In the movie The Shawshank Redemption, there are a number of images and themes which are striking. There’s the obvious theme of hope, about which Morgan Freeman’s character, Red, says early on, “Let me tell you something my friend. Hope is a dangerous thing. Hope can drive a man insane.” Much later, Tim Robbins’ character, Andy, writes a note to Red, saying, “Remember, Red, hope is a good thing, maybe the best of things, and no good thing ever dies.” And of course, the movie ends with Red, hoping.
There’s a particularly poignant bit of verbage about institutionalization. Red tells Andy about this, about an old inmate named Brooks, who had become institutionalized. “These walls are kind of funny. First you hate ’em, then you get used to ’em. Enough time passes, gets so you depend on them. That’s institutionalized. They send you here for life, that’s exactly what they take. The part that counts, anyways.” (Of course, Red learns later that hope helps you retain that part.)
In the movie, Brooks doesn’t gain hope, and doesn’t break free of having been institutionalized. After being paroled, he writes a letter to his friends at “home” in prison:
Dear fellas, I can’t believe how fast things move on the outside. I saw an automobile once when I was a kid but now they’re everywhere. The world went and got itself in a big damn hurry. The parole board got me into this halfway house called “The Brewer”. And a job bagging groceries at the Foodway. It’s hard work and I try to keep up but my hands hurt most of the time. I don’t think the store manager likes me very much. Sometimes after work I go to the park and feed the birds. I keep thinking Jake might just show up and say hello. But he never does. I hope wherever he is he’s ok and makin’ new friends. I have trouble sleepin’ at night. I have bad dreams like I’m falling. I wake up scared. Sometimes it takes me a while to remember where I am. Maybe I should get me a gun, an, an rob the Foodway so they’d send me home. I could shoot the manager while I was at it, sort of like a bonus. I guess I’m too old for that sort of nonsense anymore. I don’t like it here. I’m tired of being afraid all the time. I’ve decided not to stay. I doubt they’ll kick up any fuss. Not for an old crook like me. [Standing on a table, he carves “Brooks was here” into a wood beam in his room. He closes his pocketknife, admires his work for a moment, then kicks out the table beneath him and hangs himself.]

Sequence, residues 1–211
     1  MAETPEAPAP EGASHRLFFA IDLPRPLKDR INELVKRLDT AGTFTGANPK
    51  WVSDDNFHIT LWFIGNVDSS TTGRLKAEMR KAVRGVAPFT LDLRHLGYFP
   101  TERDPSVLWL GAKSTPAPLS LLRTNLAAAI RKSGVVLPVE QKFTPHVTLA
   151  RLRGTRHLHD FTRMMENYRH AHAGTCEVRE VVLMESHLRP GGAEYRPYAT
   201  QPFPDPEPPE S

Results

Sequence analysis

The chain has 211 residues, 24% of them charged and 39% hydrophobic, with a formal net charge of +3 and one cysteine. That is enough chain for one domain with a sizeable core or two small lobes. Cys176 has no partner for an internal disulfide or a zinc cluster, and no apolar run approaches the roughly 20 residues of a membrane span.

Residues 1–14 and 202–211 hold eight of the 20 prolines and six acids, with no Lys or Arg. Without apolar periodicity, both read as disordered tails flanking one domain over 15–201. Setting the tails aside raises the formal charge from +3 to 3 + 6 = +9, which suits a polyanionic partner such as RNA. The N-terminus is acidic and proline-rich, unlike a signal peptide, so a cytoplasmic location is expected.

In becoming institutionalized, you stop thinking for yourself, and those “thinking muscles” become atrophied. You no longer know how to function in the real world… in the free world.